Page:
Through a comparison of Leo Strauss's and Raymond Aron's interpretations of Thucydides's history, this paper sheds light on the relationship between political history and political philosophy. In continuing the dialogue between the two thinkers, I demonstrate that in spite of their opposed views on modern historical consciousness, they converge in a defense of the object and method of classical political history. However, there is a deeper disagreement regarding the relationship between philosophy and politics. While Strauss makes the case for the compatibility of classical political history and classical political philosophy on the grounds that Thucydides is a "philosophic historian," Aron argues that it is precisely because Thucydides is not a philosopher that he succeeds in understanding an essential feature of political things, namely, contingency in history.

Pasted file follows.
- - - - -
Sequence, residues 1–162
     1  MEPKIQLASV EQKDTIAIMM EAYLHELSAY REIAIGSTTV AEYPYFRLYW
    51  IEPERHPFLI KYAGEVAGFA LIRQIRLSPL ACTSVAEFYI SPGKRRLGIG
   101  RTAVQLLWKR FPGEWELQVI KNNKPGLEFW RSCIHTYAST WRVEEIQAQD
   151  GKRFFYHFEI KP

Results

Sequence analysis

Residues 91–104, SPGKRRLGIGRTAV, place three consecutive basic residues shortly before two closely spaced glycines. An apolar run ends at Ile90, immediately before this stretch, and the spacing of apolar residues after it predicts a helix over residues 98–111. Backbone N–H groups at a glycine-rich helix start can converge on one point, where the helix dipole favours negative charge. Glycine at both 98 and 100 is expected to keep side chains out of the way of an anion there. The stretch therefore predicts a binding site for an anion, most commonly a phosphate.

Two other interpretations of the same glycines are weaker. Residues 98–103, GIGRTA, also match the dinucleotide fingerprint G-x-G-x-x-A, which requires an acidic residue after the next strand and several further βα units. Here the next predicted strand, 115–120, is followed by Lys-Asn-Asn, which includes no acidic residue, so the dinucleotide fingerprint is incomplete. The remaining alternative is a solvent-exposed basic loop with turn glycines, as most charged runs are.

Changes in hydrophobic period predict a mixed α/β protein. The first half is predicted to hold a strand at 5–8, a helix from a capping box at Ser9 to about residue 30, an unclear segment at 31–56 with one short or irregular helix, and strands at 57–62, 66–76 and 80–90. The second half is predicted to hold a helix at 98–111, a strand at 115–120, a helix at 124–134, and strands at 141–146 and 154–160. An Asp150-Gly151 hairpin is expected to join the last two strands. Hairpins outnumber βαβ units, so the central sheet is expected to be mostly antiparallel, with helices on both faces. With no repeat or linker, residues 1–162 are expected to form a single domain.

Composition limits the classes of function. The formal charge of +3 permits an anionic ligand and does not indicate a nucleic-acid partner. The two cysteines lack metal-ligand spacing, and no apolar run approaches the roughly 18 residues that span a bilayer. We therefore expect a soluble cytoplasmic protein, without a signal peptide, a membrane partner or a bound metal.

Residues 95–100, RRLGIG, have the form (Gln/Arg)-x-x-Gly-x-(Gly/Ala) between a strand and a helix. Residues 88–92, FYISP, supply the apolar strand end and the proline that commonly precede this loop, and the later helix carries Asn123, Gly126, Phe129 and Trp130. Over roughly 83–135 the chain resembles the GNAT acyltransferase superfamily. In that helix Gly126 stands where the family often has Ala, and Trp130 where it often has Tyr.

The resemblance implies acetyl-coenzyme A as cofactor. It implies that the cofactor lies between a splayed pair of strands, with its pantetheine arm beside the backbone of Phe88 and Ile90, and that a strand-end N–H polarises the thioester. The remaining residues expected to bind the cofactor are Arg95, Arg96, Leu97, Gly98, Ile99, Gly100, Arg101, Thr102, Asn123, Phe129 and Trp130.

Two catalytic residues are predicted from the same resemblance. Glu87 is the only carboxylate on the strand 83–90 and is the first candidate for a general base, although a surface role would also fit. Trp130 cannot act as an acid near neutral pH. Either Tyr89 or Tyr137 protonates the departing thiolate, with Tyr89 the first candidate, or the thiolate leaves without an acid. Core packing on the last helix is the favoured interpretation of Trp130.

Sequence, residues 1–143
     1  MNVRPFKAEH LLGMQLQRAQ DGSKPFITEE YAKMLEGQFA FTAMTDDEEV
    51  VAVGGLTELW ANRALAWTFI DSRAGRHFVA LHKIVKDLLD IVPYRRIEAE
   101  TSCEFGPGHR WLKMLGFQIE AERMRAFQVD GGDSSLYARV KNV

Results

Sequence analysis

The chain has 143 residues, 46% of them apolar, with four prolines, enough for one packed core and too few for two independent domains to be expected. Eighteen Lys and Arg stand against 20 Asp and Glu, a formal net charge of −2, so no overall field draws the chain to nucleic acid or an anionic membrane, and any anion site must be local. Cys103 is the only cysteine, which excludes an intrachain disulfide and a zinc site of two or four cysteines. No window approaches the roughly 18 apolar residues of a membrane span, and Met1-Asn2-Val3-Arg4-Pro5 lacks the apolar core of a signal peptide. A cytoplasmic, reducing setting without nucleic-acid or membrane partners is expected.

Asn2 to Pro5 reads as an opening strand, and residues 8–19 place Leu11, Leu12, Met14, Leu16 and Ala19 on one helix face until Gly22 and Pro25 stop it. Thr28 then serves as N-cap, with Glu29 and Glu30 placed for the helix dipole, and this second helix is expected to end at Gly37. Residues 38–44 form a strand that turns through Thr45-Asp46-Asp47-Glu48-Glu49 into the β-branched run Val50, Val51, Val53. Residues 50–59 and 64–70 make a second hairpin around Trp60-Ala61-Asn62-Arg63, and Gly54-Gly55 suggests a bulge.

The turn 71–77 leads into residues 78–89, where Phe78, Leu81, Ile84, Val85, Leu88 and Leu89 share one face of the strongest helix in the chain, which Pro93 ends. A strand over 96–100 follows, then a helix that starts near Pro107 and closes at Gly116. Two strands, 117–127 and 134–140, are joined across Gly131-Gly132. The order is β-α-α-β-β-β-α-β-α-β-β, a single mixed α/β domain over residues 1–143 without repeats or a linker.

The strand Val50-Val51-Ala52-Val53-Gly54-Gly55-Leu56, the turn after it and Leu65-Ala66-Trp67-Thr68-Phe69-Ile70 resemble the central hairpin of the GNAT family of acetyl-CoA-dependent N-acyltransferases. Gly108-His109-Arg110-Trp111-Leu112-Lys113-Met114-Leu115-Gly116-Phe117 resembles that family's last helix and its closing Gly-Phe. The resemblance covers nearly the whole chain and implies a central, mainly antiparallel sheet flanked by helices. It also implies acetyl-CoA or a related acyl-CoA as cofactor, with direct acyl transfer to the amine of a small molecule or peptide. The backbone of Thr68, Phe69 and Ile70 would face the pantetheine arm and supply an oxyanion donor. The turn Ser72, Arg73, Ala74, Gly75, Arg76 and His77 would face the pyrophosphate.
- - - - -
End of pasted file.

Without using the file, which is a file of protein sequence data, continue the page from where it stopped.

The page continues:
Additional Metadata
Persistent URL dx.doi.org/10.1017/S0034670517000778
Journal Review of Politics
Citation
Marcotte-Chenard, S. (2018). What Can We Learn from Political History? Leo Strauss and Raymond Aron, Readers of Thucydides. In Review of Politics (Vol. 80, pp. 57–86). doi:10.1017/S0034670517000778